The Kenyan government has not, however, always been tolerant. Publications that did not in the past please government functionaries were simply proscribed and sometimes this included past issues as was the case with Beyond , Development Agenda , and Nairobi Law Monthly Magazines. The Nation was, in 1989, suspended from covering Parliament, ostensibly for the claim of having been disloyal to the country.
Kenya has a news agency, Kenya News Agency (KNA), founded soon after independence and has, over the years, had offices and field reporters throughout the country. Graduates of government owned Kenya Institute of Mass Communication have almost automatically ended up in this outfit as field information offices where they effectively became the reporters in the field for the agency. Their assignment has been to file at least a story a week from their beat. This has provided an easy way to cover the entire country as newspapers and KBC could rely on KNA to cover the rural areas for them. But it has also served another purpose in that KNA reporters are trained to see news in the way that the government wants them to. So the stories are uniform. In the same way, for a long time, reporters from the newspapers were not allowed to cover presidential functions. Both the President and the Vice President have press units detailed to cover their activities. The press unit staffs have been KIMC trained and schooled in the government's way of presenting news. As Ochieng (43) puts it "We in the newspapers received only one interpretation of what the President was supposed to have said or done on any particular occasion: that of the Presidential Press Unit, relayed to us through the Kenya News Agency (KNA)."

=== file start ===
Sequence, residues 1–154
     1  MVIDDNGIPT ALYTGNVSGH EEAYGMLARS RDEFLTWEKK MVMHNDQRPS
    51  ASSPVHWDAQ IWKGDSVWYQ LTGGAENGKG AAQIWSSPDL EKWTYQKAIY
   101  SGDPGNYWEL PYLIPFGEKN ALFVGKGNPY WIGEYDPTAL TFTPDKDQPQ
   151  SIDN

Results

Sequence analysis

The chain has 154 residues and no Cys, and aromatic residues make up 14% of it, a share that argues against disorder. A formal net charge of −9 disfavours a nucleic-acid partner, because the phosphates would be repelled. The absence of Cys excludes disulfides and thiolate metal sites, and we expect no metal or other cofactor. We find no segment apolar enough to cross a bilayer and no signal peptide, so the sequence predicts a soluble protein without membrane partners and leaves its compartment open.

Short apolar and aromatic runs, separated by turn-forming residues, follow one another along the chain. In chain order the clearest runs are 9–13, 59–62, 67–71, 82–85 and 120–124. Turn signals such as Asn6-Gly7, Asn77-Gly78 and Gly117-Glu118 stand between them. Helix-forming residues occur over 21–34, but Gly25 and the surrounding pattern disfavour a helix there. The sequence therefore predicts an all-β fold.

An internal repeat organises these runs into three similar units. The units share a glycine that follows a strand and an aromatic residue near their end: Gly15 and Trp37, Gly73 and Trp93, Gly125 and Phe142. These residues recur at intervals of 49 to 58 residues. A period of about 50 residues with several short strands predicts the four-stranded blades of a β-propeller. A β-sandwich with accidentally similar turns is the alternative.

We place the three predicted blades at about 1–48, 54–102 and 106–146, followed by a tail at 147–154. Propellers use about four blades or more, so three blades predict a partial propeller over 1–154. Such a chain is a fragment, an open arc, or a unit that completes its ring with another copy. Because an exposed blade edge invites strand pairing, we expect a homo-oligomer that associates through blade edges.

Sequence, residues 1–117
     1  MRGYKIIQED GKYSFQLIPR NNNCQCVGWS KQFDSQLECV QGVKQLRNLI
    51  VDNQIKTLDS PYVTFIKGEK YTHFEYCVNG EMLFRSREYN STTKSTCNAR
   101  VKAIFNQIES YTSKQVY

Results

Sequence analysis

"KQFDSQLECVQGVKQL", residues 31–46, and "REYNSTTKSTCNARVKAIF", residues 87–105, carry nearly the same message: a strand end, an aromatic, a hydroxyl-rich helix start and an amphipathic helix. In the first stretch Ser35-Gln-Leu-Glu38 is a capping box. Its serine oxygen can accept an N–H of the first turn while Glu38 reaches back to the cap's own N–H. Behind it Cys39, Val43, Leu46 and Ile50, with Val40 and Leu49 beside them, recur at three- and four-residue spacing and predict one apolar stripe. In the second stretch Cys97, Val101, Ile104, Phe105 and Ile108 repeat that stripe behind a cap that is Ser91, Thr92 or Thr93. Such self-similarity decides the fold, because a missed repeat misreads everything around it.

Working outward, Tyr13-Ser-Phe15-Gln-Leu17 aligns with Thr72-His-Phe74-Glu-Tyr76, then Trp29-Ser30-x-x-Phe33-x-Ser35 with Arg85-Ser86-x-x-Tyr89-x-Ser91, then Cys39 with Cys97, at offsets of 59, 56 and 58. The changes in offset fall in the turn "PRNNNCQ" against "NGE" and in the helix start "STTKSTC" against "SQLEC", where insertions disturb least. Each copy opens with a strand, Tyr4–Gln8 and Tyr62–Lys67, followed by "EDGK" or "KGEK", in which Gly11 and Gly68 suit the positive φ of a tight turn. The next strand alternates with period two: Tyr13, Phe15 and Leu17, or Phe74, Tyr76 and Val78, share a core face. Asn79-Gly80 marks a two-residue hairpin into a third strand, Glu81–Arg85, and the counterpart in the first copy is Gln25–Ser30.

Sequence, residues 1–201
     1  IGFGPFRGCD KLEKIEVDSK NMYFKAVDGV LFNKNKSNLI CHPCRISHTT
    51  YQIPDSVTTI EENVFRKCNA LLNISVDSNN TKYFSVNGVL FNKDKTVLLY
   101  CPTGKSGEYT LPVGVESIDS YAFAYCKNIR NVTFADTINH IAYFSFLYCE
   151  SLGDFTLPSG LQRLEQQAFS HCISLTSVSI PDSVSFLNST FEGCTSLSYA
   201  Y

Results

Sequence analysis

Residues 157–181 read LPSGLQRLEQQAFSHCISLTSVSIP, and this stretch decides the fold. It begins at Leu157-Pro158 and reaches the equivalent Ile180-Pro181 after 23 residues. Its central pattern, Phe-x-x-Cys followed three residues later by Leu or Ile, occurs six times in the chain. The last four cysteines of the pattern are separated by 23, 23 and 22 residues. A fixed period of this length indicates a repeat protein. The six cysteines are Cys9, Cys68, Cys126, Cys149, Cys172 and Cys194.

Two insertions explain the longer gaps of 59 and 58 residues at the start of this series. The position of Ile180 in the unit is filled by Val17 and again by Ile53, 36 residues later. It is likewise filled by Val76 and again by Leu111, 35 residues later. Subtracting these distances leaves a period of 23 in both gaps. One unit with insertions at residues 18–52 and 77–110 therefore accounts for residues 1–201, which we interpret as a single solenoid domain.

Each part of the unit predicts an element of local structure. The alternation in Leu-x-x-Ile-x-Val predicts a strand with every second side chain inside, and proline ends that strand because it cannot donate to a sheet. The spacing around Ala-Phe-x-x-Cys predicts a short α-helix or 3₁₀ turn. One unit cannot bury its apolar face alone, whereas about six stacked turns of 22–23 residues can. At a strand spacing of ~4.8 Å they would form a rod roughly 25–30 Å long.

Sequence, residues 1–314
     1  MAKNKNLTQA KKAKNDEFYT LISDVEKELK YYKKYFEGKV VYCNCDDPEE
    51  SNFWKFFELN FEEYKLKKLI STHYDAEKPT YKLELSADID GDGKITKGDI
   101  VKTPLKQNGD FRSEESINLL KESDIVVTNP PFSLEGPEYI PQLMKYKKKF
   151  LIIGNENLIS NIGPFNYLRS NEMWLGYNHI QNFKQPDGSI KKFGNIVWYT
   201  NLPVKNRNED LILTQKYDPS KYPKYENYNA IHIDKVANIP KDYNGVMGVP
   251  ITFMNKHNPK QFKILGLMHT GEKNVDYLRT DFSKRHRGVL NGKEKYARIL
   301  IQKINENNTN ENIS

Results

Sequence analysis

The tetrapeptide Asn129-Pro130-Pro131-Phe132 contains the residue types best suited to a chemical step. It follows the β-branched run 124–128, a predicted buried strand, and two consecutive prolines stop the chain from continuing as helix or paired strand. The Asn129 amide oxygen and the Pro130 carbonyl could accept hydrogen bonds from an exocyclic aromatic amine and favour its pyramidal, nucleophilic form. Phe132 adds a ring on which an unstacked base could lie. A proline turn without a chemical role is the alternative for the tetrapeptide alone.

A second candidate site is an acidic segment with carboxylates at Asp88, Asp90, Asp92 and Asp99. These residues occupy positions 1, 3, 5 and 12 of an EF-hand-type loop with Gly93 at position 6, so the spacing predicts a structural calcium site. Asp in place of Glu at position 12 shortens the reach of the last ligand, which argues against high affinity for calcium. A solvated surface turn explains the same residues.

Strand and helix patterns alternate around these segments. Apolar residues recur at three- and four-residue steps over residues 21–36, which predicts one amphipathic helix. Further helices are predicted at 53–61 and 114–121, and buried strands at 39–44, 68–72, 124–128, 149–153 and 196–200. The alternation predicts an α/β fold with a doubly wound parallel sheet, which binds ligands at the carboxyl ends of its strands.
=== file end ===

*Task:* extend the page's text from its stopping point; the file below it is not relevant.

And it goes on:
Attitude toward Foreign Media